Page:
GP Lens Case Grand Rounds Troubleshooting Guide

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Corneal Neovascularization: John M. Rinehart, OD, FAAO


38 year old male presented wearing low Dk, non silicone-hydrogel toric soft contact lenses. His current lenses are three years old and he has recently lost his left lens. He is very pleased with his current prescription. He has not worn lenses for three weeks and he has no spectacles.

Test Procedures/Fitting & Refitting Lens Designs & Ordering

Unaided Visual Acuity (Distance):

OD 20/250
OS 20/200

Manifest Refraction:

OD -7.00 -0.50 x 100 20/20
OS -4.50 -2.25 x 180 20/20


OD 46.00 @ 180; 47.00 @ 090 mires clear
OS 44.75 @ 180; 46.75 @ 090 mires clear


Grade 3 neovascularization (see photo) is present in the right eye. The left eye exhibits Grade 2 neovascularization, primarily ghost vessels.

The patient was fit with corneal gas permeable (GP) contact lenses in order to increase the amount of oxygen available to the cornea and to minimize any physical irritation of the limbal vessels.

To achieve an apical alignment fit it was necessary to fit the right lens somewhat flatter than “K”. The final base curve radius was: OD 0.75 D flatter than flat “K”; OS “on flat K”.

Patient Consultation and Education

Considerable time was devoted to discussing the risks to vision by allowing the blood vessels to continue to grow further into the cornea. The importance of timely examinations and monitoring was emphasized as neovascularization causes no discomfort and is not something the patient can monitor himself.

Follow-Up Care/Final Outcome

The lenses were dispensed and the patient was instructed in application, removal and care of the lenses. He began by wearing the lenses five hours the first day and increased two hours per day after that. Appointments were scheduled one and three weeks after lens dispensing. By the three-week appointment all the blood vessels in the cornea were empty. The patient was scheduled to be followed again in four months in order to monitor the blood vessels.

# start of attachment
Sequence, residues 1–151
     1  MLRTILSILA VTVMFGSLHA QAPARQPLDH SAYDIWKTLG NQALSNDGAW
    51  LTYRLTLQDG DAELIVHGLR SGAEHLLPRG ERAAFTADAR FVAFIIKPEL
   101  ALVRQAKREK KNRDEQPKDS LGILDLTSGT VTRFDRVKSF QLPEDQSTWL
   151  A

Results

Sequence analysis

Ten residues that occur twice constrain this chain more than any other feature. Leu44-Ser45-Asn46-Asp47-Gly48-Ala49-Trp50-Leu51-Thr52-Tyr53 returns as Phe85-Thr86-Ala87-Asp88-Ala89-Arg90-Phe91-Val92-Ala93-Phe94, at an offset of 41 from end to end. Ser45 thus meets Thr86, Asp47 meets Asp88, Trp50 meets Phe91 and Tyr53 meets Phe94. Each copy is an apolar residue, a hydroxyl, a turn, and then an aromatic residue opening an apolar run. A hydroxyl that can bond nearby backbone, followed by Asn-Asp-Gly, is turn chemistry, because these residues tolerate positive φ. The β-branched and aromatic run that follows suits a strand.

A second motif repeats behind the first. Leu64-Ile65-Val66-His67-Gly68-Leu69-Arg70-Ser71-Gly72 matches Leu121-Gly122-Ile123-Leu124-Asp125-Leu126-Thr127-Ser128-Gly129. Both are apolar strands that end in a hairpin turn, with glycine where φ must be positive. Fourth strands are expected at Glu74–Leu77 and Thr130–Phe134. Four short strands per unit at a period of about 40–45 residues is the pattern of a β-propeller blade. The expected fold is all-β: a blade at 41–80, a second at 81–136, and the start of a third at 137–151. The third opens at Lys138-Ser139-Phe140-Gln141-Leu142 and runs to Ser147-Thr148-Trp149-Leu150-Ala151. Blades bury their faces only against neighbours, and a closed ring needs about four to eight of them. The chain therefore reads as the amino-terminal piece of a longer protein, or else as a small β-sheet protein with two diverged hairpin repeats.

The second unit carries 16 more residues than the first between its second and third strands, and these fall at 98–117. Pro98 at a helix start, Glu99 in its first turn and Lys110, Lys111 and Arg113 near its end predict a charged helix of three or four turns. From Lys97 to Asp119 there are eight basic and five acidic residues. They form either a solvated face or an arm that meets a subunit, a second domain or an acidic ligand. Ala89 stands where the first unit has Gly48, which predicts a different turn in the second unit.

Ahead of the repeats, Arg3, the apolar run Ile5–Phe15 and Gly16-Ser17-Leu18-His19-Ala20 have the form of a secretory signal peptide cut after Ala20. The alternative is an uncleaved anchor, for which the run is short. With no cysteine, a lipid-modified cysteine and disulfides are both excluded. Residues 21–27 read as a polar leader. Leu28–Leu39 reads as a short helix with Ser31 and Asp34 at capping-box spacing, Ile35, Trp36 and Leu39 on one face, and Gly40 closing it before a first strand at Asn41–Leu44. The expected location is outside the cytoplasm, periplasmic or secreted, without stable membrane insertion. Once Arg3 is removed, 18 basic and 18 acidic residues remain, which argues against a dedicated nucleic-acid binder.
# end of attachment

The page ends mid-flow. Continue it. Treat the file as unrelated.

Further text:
Discussion/Alternative Management Options

The options discussed with this patient were to be fit with silicone-hydrogel toric soft contact lenses, fit with corneal gas permeable lenses, or prescribed spectacles. Given the patient’s refractive error and the thickness profile of his soft contact lenses, reducing contact lens wearing would also be indicated. If a daily disposable option is prescribed, silicone-hydrogel material would be recommended. Higher oxygen permeability and reduced wearing time is highly recommended to reduce hypoxia and continued growth of the blood vessels.

Several factors that may cause neovascularization including hypoxia, mechanical stimulation, allergies, and infections.(1) Today’s high Dk GP and high-Dk silicone-hydrogel materials minimize the risk of hypoxia. GP lenses and silicone-hydrogel lenses with higher modulus can occasionally contribute to neovascularization.(2)  

Fonn et al.(3) reported that ~65% of patients wearing low-Dk non-silicone soft lenses on an extended wear basis exhibited corneal neovascularization. Whereas, no patients showed neovascularization in a study of patients wearing silicone hydrogels on an overnight wearing schedule. Also, corneas that exhibited neovascularization after low-Dk non-silicone lens wear showed regression with ghost vessels replacing the neovascularization. 

Suggested Readings

1) Campbell JB, Henry VA, Woo S. Soft lens problem solving. In Bennett ES, Henry VA. Clinical Manual of Contact Lenses. 4th Ed. Philadelphia, Lippincott Wolters & Kluwer, 2014:313-341

2) Dumbleton K. Adverse events with silicone hydrogel continuous wear. Cont Lens Anterior Eye 2002;25:137-146

3) Fonn D, MacDonald KE, Richter D, et al. The ocular response to extended wear of a high Dk silicone hydrogel contact lens. Clin Exp Optom 2002;85:176-182

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